Romance-1280x620

Catherine Breillat’s 1999 film “Romance” is a wilful exercise in obscurantism, a film where nobody acts like real people, characters endlessly pontificate on various subjects, repetitively and with little interest, and gratuitous sex abounds. I kinda liked it. It follows a woman called  Marie (Caroline Ducey), who is sick of the lack of intimacy afforded by her cold male model husband Paul (Sagamore Stevenin), and who goes out in search of her own intimacy and interest.

The film is not interested in the practical questions that you or I might ask, like, “why is she with this person, and why doesn’t she leave him?”, or “why doesn’t she seek a therapist?”, or even “why doesn’t she/he try and understand her/his point of view?”. Marie is stuck on absolutes, like “why do I only love him or hate him?”, and can’t stop thinking about her “hole”.

Marie is nothing more than a cipher. She seems enormously disconnected from what is going on around her, even when she’s wrapping her mouth around the flaccid cock of her boyfriend to arouse him, or being subjected to what can only be described as rape at the top of her apartment stairs.

If this film were directed by a man, it would be described as a film that doesn’t understand women, and hence branded as offensive, because it would be irresponsible to portray women as this skittishly subservient to what’s going on around them. As it is, it’s directed by Catherine Breillat, a woman, a feminist, and someone who is deeply interested in gender roles and the dichotomies inherent in society that tell women what they can and can’t do. I think with this film she is highlighting the various myths surrounding womenhood to highlight their ridiculousness (even the myths that empower women, evident in the ending). It asks the question; if a woman is treated badly, but she is treated badly because she wills it and consents to it, is that an act of empowerment or subjugation? Internalised misogyny, or choice feminism?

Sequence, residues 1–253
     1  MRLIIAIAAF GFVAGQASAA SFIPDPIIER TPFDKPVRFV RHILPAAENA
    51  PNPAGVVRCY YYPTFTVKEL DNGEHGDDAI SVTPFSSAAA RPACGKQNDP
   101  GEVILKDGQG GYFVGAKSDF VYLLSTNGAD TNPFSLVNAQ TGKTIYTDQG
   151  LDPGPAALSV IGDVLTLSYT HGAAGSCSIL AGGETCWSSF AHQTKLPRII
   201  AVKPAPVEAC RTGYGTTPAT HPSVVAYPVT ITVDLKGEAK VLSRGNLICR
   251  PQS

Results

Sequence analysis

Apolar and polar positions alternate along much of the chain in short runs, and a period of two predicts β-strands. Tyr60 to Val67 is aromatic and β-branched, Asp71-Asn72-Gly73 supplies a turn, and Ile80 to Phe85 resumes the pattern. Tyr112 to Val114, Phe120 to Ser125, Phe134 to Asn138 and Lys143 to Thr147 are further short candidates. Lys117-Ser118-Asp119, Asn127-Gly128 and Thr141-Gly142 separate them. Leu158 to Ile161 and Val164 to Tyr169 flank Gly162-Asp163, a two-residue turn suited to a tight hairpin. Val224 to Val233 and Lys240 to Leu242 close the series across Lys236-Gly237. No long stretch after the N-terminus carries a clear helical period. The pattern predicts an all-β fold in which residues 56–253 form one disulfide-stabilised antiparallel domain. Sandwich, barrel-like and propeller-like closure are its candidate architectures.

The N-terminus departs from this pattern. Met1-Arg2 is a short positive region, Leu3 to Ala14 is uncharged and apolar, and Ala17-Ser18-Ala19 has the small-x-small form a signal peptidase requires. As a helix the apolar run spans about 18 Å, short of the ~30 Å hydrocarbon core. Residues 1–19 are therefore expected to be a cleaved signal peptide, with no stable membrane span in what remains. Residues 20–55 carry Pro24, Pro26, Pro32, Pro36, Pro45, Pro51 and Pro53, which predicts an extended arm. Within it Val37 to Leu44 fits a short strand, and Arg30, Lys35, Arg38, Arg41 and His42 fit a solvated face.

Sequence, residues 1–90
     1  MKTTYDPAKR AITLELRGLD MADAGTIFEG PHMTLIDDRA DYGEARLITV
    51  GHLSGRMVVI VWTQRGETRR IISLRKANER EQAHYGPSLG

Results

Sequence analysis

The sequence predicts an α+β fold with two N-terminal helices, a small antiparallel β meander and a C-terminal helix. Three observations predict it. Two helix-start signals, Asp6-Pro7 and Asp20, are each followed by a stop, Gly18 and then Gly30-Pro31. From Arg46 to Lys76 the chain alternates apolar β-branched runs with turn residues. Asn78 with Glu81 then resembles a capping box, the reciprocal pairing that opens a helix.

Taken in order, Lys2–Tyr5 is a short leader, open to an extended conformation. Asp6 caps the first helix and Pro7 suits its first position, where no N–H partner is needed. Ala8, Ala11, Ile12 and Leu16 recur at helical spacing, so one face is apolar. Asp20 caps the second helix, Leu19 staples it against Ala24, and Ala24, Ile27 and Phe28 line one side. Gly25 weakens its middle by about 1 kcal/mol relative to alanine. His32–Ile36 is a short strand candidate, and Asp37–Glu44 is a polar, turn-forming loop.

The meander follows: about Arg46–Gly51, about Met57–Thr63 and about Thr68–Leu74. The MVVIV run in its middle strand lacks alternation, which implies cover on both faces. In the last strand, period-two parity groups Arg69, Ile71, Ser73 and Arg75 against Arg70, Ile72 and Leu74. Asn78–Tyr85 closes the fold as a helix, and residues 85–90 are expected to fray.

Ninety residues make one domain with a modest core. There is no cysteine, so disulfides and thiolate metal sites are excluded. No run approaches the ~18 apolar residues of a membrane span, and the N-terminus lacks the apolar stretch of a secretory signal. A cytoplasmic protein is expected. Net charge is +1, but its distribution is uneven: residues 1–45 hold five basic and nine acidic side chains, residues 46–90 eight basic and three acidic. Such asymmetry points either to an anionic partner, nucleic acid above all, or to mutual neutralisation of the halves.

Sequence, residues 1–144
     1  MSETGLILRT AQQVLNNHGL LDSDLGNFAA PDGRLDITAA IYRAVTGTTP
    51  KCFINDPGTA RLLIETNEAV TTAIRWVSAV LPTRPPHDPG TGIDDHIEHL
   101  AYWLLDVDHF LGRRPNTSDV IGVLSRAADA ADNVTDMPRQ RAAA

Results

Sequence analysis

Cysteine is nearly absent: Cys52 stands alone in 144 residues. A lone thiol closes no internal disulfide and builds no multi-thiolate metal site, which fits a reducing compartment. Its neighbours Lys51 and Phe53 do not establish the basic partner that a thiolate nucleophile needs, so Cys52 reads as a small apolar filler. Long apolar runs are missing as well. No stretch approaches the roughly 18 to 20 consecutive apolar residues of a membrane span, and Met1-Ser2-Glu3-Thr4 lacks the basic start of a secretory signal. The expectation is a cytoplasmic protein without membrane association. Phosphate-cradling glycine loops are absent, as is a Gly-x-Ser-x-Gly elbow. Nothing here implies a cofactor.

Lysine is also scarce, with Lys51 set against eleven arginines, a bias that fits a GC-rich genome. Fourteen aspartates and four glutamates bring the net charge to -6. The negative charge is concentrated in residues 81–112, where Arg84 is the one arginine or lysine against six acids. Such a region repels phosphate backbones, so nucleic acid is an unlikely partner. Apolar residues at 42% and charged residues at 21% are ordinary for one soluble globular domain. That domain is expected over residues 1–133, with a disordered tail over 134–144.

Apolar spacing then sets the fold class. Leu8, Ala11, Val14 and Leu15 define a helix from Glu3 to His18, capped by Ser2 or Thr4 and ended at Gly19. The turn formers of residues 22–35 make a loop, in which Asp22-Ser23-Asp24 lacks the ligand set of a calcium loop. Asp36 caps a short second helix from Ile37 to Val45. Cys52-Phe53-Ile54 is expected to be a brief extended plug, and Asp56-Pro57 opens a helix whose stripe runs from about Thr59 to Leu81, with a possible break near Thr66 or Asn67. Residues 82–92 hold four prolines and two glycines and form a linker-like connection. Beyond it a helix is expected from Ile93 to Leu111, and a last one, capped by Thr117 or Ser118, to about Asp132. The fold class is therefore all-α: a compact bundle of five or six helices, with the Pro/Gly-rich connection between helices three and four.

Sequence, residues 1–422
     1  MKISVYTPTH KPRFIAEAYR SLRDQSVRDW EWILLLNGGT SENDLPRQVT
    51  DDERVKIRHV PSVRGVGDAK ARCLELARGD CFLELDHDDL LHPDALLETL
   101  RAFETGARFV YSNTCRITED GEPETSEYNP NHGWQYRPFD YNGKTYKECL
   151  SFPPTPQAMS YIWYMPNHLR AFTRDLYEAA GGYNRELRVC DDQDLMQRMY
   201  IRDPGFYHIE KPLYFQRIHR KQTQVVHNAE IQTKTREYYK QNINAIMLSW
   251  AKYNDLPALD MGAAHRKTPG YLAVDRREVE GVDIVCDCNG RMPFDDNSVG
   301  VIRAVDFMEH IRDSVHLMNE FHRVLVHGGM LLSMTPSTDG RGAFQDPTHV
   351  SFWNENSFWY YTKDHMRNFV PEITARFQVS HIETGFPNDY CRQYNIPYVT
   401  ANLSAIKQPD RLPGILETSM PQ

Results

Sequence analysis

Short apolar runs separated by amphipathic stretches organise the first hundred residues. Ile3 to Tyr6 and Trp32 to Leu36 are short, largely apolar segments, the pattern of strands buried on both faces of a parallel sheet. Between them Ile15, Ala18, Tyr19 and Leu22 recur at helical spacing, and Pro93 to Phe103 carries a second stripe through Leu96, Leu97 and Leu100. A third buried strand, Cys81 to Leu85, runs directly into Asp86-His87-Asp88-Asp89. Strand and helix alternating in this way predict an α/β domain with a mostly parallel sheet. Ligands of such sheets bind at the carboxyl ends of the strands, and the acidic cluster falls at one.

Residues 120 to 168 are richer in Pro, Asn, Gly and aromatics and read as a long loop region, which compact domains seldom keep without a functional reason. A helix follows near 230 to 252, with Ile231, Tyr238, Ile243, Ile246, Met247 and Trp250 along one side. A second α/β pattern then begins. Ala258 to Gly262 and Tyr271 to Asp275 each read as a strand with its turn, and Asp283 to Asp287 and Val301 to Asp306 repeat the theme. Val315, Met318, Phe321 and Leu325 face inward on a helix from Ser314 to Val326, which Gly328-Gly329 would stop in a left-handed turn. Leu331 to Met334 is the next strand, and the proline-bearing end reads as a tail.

This film does not have the answers and seems frankly unconcerned with them. As I said, I did kinda like it. It doggedly follows its own vision to its logical end, and I was never bored for a moment. The sex, largely unsimulated, lacks eroticism but has a certain ingrained interest in the way it plays like mental chess matches between the characters. A lot of it plays off in long shot, giving us a sense of the back-and-forth between Marie and whichever man she’s sleeping with in that given scene.

I have described this film in cold, chilly terms, that might make it sound like navel-gazing. It is navel gazing, but it is compelling also. It also has a shred of warmth, especially in Marie’s dealings with her superior at her work (she’s a schoolteacher), Robert (Francois Berleand). He comes across as a distinctly unlikeable lothario, boasting that he’s slept with over 10,000 women, and how he gets them to “eat out of my hand”. But something interesting happens in their long scene together; he ties her up, and she bursts into tears, and he actually seems to care for her. He is the only recognisable human in this film (or maybe the only recognisably human character in this film), and any heart the film may have can be traced here.

By the end, we’re no closer to knowing what it all means; throughout, we hear Marie’s thoughts, but they only serve to confuse us more, perhaps because they so effectively convey her own confusion. And the ending, despite its logic, is so abrupt it almost seems like a further statement on Breillat’s part. But this is still a suitably steamy, at times surreal odyssey into the heart of woman’s desire. It belongs to that cadre of films that you only really got in the 90’s, of the kind that Bigas Luna, von Trier, Cedric Kahn, and so on, used to make, that rise to the challenge of the intricacies of desire and copulation, and don’t back down. They don’t make them like this anymore, and this film is just enough to make you think that that’s something of a shame.

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